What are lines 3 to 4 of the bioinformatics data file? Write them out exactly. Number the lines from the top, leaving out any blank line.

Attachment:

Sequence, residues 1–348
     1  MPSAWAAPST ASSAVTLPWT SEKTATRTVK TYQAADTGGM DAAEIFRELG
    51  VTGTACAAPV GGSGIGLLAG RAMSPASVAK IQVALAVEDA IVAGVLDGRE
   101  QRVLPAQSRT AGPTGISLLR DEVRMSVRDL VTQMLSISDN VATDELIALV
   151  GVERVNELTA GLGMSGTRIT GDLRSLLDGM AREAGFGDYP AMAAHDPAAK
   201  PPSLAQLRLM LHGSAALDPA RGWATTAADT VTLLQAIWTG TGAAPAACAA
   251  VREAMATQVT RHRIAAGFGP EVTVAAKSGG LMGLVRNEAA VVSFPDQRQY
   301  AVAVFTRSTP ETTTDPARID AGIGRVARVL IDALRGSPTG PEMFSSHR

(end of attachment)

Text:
    51  VTGTACAAPV GGSGIGLLAG RAMSPASVAK IQVALAVEDA IVAGVLDGRE
   101  QRVLPAQSRT AGPTGISLLR DEVRMSVRDL VTQMLSISDN VATDELIALV